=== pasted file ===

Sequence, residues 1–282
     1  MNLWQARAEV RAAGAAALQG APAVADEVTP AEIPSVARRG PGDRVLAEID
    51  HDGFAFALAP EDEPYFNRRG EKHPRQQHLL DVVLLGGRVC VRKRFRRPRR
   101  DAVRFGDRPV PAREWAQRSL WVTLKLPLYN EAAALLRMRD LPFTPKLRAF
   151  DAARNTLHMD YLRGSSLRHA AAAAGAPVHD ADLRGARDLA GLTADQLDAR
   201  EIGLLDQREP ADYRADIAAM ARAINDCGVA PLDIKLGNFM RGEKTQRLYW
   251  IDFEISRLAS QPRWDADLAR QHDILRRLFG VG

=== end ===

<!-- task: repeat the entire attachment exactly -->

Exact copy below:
Sequence, residues 1–282
     1  MNLWQARAEV RAAGAAALQG APAVADEVTP AEIPSVARRG PGDRVLAEID
    51  HDGFAFALAP EDEPYFNRRG EKHPRQQHLL DVVLLGGRVC VRKRFRRPRR
   101  DAVRFGDRPV PAREWAQRSL WVTLKLPLYN EAAALLRMRD LPFTPKLRAF
   151  DAARNTLHMD YLRGSSLRHA AAAAGAPVHD ADLRGARDLA GLTADQLDAR
   201  EIGLLDQREP ADYRADIAAM ARAINDCGVA PLDIKLGNFM RGEKTQRLYW
   251  IDFEISRLAS QPRWDADLAR QHDILRRLFG VG